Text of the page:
Ray and Edna Ryan, of Rotterdam, enjoying breakfast at the senior center on Wednesday, Aug. 15. The couple comes every Wednesday to have breakfast with cook Pina De Marco.
continued Often times, seniors at the center provide feedback on what they’d like to see offered, and the center tries to accommodate the requests. The backbone of the center, though, is a strong volunteer and worker base, which helps offer the variety.
“We have a very large cadre of volunteers,” Langer-Smith said.
She is relatively new to the center, stepping into to her position on April 9, so hearing feedback from the community was important.
“I wanted explore what the center had,” she said. “I wanted to listen to the seniors and their needs and just sit back for a while and see.”
After retiring from the state last summer, she had some free time between employment as an adjunct professor at Schenectady County Community College. She also knew Supervisor Harry Buffardi from the college, where he also taught.
“It just seemed like a good fit,” she said.
One thing she quickly learned was the most popular thing offered at the center is bingo, which is run by volunteers. Around 35 to 40 people will show up for an afternoon game.
During the previous town administration, the senior center often stewed with controversy, as the members of the public and center workers voiced outrage over former supervisor Frank Del Gallo’s decisions.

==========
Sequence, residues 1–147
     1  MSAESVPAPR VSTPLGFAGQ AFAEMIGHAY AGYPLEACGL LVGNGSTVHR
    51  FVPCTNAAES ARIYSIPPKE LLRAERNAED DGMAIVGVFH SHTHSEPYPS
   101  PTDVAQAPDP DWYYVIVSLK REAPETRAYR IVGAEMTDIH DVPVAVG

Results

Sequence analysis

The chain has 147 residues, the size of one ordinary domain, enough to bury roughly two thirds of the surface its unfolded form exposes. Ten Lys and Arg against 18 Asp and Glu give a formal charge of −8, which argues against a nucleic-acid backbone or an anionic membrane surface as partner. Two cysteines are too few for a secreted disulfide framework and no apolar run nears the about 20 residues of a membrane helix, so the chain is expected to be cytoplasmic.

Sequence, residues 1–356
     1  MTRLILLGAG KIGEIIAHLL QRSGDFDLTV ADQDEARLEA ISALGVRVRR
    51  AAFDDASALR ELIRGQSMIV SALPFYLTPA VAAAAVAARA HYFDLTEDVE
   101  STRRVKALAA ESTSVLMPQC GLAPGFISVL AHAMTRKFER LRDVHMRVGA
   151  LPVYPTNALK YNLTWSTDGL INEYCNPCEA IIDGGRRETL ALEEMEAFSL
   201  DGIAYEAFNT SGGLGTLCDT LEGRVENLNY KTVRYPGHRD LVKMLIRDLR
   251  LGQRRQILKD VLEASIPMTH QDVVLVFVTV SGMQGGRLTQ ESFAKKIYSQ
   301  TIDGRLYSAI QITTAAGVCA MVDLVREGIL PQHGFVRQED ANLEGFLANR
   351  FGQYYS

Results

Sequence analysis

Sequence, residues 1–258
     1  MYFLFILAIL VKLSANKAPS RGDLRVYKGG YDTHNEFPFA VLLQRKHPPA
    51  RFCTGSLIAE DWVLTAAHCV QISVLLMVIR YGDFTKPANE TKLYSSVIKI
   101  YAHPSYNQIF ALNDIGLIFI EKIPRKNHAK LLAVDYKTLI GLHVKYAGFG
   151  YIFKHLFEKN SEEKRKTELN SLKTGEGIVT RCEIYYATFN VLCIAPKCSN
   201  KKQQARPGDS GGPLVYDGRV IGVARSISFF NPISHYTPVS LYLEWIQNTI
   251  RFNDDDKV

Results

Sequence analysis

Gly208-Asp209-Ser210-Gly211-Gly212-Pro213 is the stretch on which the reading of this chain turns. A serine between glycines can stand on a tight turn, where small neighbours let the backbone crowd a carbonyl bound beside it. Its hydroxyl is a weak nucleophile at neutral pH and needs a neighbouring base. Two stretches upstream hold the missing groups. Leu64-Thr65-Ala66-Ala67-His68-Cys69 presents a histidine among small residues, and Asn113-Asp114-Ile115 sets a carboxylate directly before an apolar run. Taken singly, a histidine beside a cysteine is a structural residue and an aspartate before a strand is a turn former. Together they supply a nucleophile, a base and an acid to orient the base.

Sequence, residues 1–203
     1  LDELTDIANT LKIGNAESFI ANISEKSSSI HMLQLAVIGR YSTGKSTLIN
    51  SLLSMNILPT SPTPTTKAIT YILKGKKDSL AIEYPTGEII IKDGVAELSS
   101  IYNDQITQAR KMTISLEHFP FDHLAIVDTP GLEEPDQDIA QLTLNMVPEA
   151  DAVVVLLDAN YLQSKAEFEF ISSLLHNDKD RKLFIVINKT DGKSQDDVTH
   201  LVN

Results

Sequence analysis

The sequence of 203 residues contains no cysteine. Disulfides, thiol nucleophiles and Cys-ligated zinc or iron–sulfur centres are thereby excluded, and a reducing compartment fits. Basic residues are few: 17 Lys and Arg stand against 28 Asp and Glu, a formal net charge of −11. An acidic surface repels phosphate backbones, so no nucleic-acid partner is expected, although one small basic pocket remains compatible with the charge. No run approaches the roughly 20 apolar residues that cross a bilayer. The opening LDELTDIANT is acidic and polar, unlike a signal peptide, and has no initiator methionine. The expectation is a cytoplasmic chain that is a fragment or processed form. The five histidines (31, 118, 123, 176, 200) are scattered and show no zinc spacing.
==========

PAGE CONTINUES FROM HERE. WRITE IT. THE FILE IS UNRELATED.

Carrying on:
In January 2011, several residents protested the transfer of a senior center employee, along with three other town employees, which Del Gallo said was done for cross training and was within his authority.
Senior Center employee Molly Collins was moved to fill a vacant position as a typist in town court. Collins was slated to retire in two years, but the training for the typist position is estimated to take 18 months.
All four of the town employees were eventually moved back to their positions after fellow town board members voted to undo the supervisor’s switch.
In February 2011, Del Gallo removed former center project coordinator Diane Marco, who was elected Town Clerk last election, despite consulting with fellow board members on the decision.
Once again, members of the public cried out against Del Gallo’s decision.
The position remained vacant, Buffardi said, until Langer-Smith was hired this year, which returned some stability to the administration.
“Eileen Langer-Smith is a very smart woman and she works very hard and she has a background that is suitable to running the center,” Buffardi said. “I attribute any success we are having now to her.”